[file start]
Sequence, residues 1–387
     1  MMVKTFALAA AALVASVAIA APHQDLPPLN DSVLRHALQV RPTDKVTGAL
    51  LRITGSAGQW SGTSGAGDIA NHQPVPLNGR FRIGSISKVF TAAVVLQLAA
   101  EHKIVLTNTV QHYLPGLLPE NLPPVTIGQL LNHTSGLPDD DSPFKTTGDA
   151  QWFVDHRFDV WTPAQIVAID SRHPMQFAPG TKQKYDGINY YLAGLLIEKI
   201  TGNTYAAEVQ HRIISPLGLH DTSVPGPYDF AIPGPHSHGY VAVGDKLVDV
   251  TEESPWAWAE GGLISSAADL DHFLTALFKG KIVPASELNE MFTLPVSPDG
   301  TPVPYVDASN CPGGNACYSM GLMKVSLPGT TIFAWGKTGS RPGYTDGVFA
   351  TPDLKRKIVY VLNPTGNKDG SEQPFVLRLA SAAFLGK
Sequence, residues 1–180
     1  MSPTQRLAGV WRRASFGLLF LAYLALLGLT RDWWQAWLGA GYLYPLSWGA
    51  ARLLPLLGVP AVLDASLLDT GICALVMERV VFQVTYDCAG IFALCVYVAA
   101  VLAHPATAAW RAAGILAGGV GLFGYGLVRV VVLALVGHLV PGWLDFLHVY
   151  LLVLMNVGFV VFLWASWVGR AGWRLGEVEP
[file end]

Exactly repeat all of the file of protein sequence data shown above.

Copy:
Sequence, residues 1–387
     1  MMVKTFALAA AALVASVAIA APHQDLPPLN DSVLRHALQV RPTDKVTGAL
    51  LRITGSAGQW SGTSGAGDIA NHQPVPLNGR FRIGSISKVF TAAVVLQLAA
   101  EHKIVLTNTV QHYLPGLLPE NLPPVTIGQL LNHTSGLPDD DSPFKTTGDA
   151  QWFVDHRFDV WTPAQIVAID SRHPMQFAPG TKQKYDGINY YLAGLLIEKI
   201  TGNTYAAEVQ HRIISPLGLH DTSVPGPYDF AIPGPHSHGY VAVGDKLVDV
   251  TEESPWAWAE GGLISSAADL DHFLTALFKG KIVPASELNE MFTLPVSPDG
   301  TPVPYVDASN CPGGNACYSM GLMKVSLPGT TIFAWGKTGS RPGYTDGVFA
   351  TPDLKRKIVY VLNPTGNKDG SEQPFVLRLA SAAFLGK
Sequence, residues 1–180
     1  MSPTQRLAGV WRRASFGLLF LAYLALLGLT RDWWQAWLGA GYLYPLSWGA
    51  ARLLPLLGVP AVLDASLLDT GICALVMERV VFQVTYDCAG IFALCVYVAA
   101  VLAHPATAAW RAAGILAGGV GLFGYGLVRV VVLALVGHLV PGWLDFLHVY
   151  LLVLMNVGFV VFLWASWVGR AGWRLGEVEP